“Armed with powerful weapons and recent technology, the Navy of the U.S.S.R. has become a completely modern navy. It is capable of solving any problem put to it and can operate far from its shores and deliver decisive blows against important objectives deep in the territory of the enemy.”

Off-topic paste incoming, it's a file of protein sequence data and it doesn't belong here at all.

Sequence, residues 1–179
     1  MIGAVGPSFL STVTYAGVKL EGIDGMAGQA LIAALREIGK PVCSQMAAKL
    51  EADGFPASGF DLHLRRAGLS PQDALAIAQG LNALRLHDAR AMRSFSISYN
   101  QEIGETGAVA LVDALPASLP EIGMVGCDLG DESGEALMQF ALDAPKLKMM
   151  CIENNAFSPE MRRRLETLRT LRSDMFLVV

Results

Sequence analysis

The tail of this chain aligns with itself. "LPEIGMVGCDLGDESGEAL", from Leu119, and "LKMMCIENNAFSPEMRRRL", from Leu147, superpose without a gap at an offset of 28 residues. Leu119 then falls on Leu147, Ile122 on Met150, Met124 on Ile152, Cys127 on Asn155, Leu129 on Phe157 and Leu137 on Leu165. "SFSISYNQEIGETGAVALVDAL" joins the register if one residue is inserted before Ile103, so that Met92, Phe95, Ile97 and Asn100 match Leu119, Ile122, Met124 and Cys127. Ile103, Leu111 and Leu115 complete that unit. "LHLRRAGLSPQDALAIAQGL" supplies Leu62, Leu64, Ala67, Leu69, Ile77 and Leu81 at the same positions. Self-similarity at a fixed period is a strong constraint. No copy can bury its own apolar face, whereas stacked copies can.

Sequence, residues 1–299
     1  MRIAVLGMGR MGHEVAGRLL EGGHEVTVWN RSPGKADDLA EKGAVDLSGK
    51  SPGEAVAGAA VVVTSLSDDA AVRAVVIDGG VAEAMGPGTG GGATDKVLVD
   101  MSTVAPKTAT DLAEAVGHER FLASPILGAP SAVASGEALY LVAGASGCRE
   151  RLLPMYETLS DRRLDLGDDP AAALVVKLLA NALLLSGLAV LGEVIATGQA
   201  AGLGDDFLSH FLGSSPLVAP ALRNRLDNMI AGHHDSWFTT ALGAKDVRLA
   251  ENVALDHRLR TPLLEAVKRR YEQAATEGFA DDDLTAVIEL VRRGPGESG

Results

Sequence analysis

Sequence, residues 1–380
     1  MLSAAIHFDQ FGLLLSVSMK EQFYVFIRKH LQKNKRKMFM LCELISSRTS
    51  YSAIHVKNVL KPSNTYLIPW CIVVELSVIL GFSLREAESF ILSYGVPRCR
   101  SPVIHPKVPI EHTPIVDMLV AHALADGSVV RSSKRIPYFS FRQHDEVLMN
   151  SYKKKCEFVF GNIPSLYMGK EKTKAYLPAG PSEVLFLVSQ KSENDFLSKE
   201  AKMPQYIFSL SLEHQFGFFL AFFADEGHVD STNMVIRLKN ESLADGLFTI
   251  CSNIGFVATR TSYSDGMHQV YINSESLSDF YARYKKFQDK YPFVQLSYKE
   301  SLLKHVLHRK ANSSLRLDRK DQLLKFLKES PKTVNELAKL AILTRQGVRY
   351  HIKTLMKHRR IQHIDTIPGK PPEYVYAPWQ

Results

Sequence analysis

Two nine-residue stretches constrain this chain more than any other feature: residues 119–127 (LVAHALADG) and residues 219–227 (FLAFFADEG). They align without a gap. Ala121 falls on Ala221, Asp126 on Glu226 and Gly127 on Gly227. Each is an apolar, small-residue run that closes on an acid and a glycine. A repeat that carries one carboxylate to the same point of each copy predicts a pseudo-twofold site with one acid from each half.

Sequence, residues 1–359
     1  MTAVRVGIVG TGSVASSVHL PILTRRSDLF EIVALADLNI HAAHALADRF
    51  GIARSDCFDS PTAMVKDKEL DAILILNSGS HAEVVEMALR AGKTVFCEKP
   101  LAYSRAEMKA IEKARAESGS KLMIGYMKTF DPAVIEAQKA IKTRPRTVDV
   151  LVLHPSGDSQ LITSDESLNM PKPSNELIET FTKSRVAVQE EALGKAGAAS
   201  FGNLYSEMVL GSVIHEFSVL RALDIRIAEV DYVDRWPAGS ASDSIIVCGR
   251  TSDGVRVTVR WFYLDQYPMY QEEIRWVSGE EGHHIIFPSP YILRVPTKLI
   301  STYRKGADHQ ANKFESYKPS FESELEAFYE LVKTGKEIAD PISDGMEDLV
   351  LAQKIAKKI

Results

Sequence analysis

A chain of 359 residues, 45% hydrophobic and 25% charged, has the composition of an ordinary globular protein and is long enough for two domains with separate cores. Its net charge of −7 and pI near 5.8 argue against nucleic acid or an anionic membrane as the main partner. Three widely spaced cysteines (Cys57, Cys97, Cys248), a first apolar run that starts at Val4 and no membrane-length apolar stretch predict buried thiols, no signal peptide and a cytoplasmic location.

This statement by Admiral Golovkov, First Deputy to the Commander-in-Chief of the Soviet Navy would seem paradoxical in view of Khrushchev’s derogatory statements concerning navies. As early as 1956, during his trip to Britain with Bulganin, he remarked that cruisers were useful only for naval visits. Again during the Lebanon crisis in July 1958, he made veiled threats to reduce our carriers to steel coffins at the bottom of the Mediterranean Sea. A short while later, in a letter to President Eisenhower on the Far East situation, Khrushchev pointed out that “The heyday of surface navy power is over. In the age of nuclear and rocket weapons . . . these once formidable warships . . . can serve as targets for the right types of rockets.” During his visit to the United States in September 1959, he once again went out of his way to comment on the obsoleteness of cruisers.